Thoracic Outlet Syndrome
Thoracic outlet syndrome (TOS) occurs when the nerves or blood vessels in the neck and shoulder regions are compressed by surrounding structures, such as the first rib or an abnormal rib, and the scalene muscles. Most patients have pain, weakness, numbness, or tingling in the neck, shoulder, or arm. There are three types of TOS: neurogenic, venous, and arterial. Treatment may involve surgical decompression of the thoracic outlet – removal of the first rib or an anomalous rib, partial removal of the anterior and middle scalene muscles, and decompression of the brachial plexus. Dr. Natalie Lui in Stanford’s Division of Thoracic Surgery has a special interest in the surgical management of TOS.
Types of Thoracic Outlet Syndrome
There are three types of thoracic outlet syndrome: neurogenic, venous, and arterial.
Neurogenic TOS is the most common type and occurs when the nerves in the brachial plexus are compressed, usually between the first rib and the scalene muscles. Most patients have pain, weakness, numbness, or tingling in the neck, shoulder, and arm. These symptoms usually worsen when the thoracic outlet is narrowed in certain body positions, such as when the arm is raised overhead. Many patients with neurogenic TOS have abnormal anatomy in the thoracic outlet (for example, an extra rib called a cervical rib) and a history of neck trauma (for example, a car accident or repetitive movements while playing sports or working). Other patients have no clear cause, but their symptoms are concerning for TOS.
Venous TOS is rare and occurs when the subclavian vein is compressed, usually between the first rib and clavicle (or collarbone), causing a blood clot. It is also called "effort thrombosis" and Paget-Schroetter disease. Many patients suddenly develop a swollen and discolored arm, and immediate treatment is critical. Patients usually require catheter-directed thrombolysis, anticoagulation, and then surgery to decompress the thoracic outlet.
Arterial TOS is extremely rare and occurs when the subclavian artery is compressed, usually near a cervical rib or anomalous first rib. This compression may lead to an aneurysm (widening) of the artery and formation of blood clots that can prevent blood flow to the arm and hand. Patients may have sudden pain, weakness, numbness, and/or tingling in their hands, and they almost always require surgery.
Diagnosis of neurogenic TOS requires an extensive history and physical examination, as well as radiologic imaging such as a computed tomography (CT) scan or magnetic resonance imaging (MRI).
Scalene muscle botulinum toxin injection may be performed for diagnostic and therapeutic purposes. Botulinum toxin causes temporary paralysis of the scalene muscles, which then relax around the nerves in the thoracic outlet. If patients have significant improvement in their symptoms, they are more likely to improve after treatment for TOS.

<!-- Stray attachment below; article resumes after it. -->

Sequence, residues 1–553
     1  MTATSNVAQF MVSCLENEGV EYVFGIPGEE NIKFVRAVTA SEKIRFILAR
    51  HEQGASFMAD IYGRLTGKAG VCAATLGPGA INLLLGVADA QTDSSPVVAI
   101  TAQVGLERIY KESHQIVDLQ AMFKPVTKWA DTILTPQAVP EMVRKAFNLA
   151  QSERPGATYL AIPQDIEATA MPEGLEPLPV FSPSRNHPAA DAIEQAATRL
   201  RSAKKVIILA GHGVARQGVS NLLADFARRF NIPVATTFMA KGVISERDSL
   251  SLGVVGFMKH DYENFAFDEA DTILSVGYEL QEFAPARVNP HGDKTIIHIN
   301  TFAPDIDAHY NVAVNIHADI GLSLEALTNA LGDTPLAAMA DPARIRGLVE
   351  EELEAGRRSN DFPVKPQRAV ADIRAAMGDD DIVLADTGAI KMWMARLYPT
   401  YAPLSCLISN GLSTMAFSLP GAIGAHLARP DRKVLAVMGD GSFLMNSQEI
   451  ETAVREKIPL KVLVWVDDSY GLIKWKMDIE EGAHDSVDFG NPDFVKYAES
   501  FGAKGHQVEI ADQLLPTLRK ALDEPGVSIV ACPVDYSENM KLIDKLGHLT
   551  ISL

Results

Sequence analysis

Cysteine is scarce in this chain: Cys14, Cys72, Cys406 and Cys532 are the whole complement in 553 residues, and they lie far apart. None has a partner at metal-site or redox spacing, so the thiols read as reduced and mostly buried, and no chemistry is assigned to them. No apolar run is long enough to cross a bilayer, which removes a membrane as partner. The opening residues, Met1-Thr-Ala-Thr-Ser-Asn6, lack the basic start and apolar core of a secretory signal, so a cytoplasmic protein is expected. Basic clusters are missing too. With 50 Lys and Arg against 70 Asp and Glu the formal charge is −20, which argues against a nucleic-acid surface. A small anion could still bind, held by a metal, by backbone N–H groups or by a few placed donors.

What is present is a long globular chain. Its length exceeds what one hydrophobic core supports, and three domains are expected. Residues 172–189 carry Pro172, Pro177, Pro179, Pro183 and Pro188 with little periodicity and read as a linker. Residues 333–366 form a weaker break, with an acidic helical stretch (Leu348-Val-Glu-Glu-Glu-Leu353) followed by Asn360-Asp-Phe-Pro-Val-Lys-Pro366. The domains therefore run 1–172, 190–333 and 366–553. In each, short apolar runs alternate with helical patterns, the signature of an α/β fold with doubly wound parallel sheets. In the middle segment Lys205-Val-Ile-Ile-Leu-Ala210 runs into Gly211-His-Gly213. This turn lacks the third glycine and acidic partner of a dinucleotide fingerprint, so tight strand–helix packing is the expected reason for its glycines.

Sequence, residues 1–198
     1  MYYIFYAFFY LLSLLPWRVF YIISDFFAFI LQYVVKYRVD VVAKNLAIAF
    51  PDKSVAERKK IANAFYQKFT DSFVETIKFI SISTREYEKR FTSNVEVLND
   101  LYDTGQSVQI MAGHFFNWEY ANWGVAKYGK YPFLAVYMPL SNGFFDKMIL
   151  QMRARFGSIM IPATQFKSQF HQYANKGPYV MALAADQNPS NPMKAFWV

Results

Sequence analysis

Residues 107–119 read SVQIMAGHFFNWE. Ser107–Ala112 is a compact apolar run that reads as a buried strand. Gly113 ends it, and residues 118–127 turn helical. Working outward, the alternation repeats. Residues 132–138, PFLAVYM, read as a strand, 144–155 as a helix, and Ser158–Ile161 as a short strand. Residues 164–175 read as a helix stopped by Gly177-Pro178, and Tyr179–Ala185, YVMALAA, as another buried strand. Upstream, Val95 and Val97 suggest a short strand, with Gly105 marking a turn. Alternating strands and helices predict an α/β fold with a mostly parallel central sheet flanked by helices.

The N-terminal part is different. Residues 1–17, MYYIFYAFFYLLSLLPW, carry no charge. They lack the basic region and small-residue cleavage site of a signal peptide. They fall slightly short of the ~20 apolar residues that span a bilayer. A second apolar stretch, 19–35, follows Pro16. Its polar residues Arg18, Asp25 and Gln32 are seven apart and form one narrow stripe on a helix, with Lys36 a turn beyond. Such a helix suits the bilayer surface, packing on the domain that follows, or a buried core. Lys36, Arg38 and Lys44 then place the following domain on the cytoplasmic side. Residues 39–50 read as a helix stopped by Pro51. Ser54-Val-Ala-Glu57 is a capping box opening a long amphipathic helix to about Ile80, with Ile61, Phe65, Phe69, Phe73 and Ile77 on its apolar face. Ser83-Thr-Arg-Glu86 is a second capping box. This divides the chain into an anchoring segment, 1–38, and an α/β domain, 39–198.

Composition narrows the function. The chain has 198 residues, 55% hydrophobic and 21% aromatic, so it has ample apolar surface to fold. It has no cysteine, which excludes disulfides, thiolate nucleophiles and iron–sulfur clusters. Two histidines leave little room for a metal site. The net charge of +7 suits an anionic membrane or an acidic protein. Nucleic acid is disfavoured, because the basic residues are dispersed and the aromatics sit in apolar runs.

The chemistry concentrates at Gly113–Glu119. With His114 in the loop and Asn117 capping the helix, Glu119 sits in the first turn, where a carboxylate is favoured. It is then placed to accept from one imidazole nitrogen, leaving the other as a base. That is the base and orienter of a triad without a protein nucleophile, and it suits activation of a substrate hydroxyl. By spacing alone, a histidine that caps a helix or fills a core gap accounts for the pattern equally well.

Other studies such as electromyography and nerve conduction studies may be performed to evaluate for other diseases that may cause similar symptoms. Cervical spine disorders, musculoskeletal disorders, carpal tunnel syndrome, fibromyalgia, and other conditions can all be mistaken for neurogenic TOS if a careful work-up is not performed.
The first step in the treatment of TOS is physical and occupational therapy, which includes exercises that widen the thoracic outlet, correct posture, and improve ergonomics.
Scalene muscle botulinum toxin injection, as described above, can be used for both diagnosis and as a temporizing therapy.
Surgery is performed in patients who have a clear diagnosis of TOS and have debilitating symptoms despite physical and occupational therapy. Patients whose symptoms improved after scalene muscle botulinum toxin injection are more likely to have a good outcome after surgery.
Surgery for thoracic outlet syndrome involves decompression of the thoracic outlet – removal of the first rib or an anomalous rib, partial removal of the anterior and middle scalene muscles, and decompression of the brachial plexus. This operation, in Dr. Natalie Lui's hands, is performed through a three-inch incision above the clavicle (or collarbone). Patients stay in the hospital for about two to three days after the operation and resume physical and occupational therapy afterwards.
Some patients have symptoms primarily at the pectoralis minor area below the clavicle (or collarbone). These individuals may benefit from division of the pectoralis minor muscle, either in addition to, or instead of, thoracic outlet decompression. This operation is performed through a two-inch incision in the axilla. Patients are usually discharged home the same day as the procedure.
In carefully selected patients, surgery can lead to an improved quality of life and reduced need for pain medications or interventions.
The Division of Thoracic Surgery in the Department of Cardiothoracic Surgery at the Stanford School of Medicine is located in the San Francisco Bay Area in northern California. For more information about our services, please contact Donna Minagawa at (650) 721-2086 or Angela Lee, RN, MS, at (650) 721-5402. For new patient Thoracic Surgery Clinic Scheduling, please call (650) 498-6000.